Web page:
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1 October 2011 Relative Antidipsogenic Potencies of Six Homologous Natriuretic Peptides in Eels
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Atrial natriuretic peptide (ANP) exhibits a potent antidipsogenic effect in seawater (SW) eels to limit excess Na uptake, thereby effectively promoting SW adaptation. Recently, cardiac ANP, BNP and VNP and brain CNP1, 3 and 4, have been identified in eels. We examined the antidipsogenic effect of all homologous NPs using conscious, cannulated eels in both FW and SW together with parameters that affect drinking. A dose-response study (0.01–1 nmol/kg) in SW eels showed the relative potency of the antidipsogenic effect was in the order ANP ≥ VNP > BNP = CNP3 > CNP1 ≥ CNP4, while the order was ANP = VNP = BNP > CNP3 = CNP1 = CNP4 for the vasodepressor effect. The minimum effective dose of ANP for the antidipsogenic effect is much lower than that in mammals. ANP, BNP and VNP at 0.3 nmol/kg decreased drinking, plasma Na concentration and aortic pressure and increased hematocrit in SW eels. The cardiac NPs induced similar changes in drinking, aortic pressure and hematocrit in FW eels, but aside from BNP no change in plasma Na concentration. CNPs had no effect on drinking, plasma Na concentration and hematocrit but induced mild hypotension in both FW and SW eels, except for CNP3 that inhibited drinking in SW eels. These results show that ANP, BNP and VNP are potent antidipsogenic hormones in eels in spite of other regulatory factors working to induce drinking, and that CNPs are without effects on drinking except for the ancestor of the cardiac NPs, CNP3.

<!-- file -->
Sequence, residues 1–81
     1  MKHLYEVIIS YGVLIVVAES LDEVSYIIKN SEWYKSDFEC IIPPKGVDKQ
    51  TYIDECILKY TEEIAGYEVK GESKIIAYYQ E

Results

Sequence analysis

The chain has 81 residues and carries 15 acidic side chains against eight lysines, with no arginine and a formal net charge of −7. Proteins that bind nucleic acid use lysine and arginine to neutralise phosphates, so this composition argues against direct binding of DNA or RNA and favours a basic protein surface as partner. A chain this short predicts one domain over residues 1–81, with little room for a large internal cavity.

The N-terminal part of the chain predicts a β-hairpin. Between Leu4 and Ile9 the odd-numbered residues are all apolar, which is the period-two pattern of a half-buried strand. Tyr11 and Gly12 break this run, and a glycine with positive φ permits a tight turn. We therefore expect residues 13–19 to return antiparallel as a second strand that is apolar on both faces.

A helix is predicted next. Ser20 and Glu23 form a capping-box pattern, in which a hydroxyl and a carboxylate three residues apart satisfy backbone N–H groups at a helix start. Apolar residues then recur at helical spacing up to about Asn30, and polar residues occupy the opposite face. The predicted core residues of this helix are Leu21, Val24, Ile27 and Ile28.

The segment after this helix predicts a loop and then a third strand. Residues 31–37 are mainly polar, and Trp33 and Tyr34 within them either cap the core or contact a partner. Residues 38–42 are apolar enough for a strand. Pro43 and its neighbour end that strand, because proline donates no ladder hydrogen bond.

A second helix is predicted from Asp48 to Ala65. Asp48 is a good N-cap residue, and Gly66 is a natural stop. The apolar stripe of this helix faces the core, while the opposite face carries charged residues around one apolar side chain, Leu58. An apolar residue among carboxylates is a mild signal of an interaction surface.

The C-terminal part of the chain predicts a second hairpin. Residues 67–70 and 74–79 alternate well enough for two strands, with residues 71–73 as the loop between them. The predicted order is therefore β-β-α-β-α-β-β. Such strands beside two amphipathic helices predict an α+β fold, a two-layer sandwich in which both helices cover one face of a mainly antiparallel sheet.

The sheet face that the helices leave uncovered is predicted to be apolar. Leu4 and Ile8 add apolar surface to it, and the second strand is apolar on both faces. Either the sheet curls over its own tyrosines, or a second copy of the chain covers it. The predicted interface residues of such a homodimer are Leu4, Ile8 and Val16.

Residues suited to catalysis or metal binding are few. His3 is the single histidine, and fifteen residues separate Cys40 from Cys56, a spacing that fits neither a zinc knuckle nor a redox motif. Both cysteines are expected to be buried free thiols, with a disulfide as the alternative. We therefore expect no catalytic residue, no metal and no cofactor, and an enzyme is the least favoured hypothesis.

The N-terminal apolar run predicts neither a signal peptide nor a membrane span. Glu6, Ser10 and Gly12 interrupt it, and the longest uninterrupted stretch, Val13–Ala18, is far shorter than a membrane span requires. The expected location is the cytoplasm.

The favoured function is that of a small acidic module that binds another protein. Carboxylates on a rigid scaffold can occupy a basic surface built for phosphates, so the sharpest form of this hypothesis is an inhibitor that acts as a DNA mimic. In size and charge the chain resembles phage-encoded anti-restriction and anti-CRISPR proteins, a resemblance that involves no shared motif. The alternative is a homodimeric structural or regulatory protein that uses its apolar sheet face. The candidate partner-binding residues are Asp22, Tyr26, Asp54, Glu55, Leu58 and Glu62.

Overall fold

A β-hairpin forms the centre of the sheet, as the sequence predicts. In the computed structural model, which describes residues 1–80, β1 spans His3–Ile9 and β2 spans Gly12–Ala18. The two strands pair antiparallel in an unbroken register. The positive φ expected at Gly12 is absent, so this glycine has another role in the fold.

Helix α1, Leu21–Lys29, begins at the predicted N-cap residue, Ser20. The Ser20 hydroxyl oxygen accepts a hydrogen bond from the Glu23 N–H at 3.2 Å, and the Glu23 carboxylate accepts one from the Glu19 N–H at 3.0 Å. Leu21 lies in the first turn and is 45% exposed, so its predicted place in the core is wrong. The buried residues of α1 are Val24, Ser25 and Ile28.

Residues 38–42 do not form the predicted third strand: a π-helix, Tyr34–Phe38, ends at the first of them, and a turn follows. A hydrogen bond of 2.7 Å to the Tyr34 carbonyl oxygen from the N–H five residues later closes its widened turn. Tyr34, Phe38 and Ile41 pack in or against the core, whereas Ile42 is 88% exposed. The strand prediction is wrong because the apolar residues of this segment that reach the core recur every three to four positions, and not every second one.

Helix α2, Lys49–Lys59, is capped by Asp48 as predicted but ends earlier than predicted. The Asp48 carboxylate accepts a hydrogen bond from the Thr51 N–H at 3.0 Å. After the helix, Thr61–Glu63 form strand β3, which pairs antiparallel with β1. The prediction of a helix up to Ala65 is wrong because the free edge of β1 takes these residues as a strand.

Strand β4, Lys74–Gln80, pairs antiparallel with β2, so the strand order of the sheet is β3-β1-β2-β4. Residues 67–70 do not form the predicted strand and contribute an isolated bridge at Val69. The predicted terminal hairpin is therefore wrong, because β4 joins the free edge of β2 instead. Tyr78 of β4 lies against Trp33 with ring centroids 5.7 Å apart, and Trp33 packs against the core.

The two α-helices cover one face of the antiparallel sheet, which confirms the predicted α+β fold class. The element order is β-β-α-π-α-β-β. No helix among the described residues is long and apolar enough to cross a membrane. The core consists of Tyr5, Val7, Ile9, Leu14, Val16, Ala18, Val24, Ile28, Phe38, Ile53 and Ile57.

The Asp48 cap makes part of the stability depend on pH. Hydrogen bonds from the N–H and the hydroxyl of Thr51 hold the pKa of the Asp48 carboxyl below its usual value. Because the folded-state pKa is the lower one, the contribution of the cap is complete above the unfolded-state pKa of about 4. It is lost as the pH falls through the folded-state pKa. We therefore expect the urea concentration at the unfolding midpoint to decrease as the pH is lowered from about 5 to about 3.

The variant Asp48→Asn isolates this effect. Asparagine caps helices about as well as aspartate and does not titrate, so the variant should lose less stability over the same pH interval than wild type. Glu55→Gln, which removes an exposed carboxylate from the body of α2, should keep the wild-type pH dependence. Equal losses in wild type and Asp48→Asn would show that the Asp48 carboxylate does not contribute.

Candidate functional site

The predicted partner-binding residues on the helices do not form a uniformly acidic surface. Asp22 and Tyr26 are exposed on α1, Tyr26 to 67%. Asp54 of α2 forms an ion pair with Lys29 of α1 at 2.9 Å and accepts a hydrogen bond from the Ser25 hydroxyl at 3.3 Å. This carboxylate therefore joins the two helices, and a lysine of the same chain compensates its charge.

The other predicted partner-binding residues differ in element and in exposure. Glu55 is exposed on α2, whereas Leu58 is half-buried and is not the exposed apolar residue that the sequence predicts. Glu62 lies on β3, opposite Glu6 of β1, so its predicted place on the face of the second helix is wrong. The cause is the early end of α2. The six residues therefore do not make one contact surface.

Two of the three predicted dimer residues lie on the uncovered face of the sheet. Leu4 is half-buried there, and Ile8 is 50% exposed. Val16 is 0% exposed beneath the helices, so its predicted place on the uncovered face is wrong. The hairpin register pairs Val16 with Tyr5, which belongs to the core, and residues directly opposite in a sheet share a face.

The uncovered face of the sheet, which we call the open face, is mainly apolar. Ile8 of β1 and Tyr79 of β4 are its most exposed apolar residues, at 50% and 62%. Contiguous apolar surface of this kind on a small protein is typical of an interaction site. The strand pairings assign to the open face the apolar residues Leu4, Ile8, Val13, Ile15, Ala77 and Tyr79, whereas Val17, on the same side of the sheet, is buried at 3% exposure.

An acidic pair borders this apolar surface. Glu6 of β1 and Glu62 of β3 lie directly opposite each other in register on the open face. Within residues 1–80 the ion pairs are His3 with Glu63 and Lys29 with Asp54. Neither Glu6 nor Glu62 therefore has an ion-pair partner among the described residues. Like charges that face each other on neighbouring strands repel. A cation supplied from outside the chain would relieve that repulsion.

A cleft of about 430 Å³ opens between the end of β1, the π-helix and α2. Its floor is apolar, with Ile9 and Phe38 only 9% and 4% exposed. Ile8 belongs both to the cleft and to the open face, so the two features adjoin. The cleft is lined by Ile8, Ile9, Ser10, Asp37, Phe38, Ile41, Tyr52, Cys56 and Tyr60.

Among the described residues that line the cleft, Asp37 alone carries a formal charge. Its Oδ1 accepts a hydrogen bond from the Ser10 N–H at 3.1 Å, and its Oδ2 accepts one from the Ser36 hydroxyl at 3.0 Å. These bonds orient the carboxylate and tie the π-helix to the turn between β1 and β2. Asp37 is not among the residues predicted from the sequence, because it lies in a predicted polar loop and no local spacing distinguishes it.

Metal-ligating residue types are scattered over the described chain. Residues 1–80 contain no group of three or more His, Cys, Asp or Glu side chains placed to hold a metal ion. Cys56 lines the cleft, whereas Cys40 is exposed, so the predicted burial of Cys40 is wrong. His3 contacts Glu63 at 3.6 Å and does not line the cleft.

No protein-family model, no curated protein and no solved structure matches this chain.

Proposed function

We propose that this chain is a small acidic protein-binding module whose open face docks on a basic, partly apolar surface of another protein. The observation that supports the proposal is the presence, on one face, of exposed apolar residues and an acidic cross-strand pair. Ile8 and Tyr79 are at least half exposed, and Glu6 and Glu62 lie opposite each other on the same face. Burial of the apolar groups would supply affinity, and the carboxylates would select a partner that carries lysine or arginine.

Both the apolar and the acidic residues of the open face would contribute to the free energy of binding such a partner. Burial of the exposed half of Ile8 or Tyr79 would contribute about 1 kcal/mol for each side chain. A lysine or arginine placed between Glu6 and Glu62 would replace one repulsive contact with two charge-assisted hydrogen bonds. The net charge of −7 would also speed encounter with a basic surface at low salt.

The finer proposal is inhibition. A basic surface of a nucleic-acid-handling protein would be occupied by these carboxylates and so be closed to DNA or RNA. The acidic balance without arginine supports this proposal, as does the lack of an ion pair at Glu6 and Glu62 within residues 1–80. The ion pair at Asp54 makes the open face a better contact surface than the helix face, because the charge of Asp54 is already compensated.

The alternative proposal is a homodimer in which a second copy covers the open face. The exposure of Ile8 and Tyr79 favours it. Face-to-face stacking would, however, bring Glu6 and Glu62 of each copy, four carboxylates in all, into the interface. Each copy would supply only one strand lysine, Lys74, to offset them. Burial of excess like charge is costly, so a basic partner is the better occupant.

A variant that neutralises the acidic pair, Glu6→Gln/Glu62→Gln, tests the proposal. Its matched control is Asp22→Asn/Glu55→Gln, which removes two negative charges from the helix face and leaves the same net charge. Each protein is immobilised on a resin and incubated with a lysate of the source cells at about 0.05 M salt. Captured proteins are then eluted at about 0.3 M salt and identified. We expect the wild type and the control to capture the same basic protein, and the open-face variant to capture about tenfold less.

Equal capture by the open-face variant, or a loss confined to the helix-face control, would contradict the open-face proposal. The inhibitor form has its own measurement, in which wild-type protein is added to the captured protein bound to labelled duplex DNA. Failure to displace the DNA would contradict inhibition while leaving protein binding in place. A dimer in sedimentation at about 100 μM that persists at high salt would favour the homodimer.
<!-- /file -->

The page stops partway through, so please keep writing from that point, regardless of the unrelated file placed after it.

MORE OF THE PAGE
© 2011 Zoological Society of Japan
Hiroshi Miyanishi, Shigenori Nobata, and Yoshio Takei "Relative Antidipsogenic Potencies of Six Homologous Natriuretic Peptides in Eels," Zoological Science 28(10), 719-726, (1 October 2011).
Received: 14 January 2011; Accepted: 1 February 2011; Published: 1 October 2011

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